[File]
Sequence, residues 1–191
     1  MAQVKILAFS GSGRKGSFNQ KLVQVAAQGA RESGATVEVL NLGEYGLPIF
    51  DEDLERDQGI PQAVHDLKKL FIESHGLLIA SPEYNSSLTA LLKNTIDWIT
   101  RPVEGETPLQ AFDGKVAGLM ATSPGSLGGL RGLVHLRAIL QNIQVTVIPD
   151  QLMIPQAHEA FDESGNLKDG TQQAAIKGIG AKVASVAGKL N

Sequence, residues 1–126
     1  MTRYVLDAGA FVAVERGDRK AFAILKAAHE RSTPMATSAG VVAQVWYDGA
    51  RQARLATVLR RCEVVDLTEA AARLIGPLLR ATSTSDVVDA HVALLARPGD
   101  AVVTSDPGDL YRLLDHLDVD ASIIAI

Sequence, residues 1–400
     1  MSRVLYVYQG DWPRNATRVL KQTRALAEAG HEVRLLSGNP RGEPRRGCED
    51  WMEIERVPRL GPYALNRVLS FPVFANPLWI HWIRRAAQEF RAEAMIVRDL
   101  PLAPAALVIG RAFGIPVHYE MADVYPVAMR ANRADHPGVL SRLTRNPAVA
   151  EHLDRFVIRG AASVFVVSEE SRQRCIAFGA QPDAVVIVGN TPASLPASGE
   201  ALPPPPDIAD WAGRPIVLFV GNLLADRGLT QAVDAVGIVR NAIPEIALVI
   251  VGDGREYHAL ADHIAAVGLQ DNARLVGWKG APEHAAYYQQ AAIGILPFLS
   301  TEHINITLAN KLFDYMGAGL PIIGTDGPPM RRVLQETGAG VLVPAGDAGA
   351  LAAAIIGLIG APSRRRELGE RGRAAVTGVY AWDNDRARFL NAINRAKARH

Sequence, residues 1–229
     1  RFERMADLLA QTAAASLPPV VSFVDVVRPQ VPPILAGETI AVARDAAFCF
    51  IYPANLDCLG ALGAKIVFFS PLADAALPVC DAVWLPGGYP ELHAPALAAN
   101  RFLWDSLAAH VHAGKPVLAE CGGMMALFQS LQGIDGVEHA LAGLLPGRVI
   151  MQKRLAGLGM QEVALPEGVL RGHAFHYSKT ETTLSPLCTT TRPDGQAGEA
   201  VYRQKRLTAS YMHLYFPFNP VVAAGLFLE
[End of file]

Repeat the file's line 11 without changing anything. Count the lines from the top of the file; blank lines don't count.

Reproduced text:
     1  MSRVLYVYQG DWPRNATRVL KQTRALAEAG HEVRLLSGNP RGEPRRGCED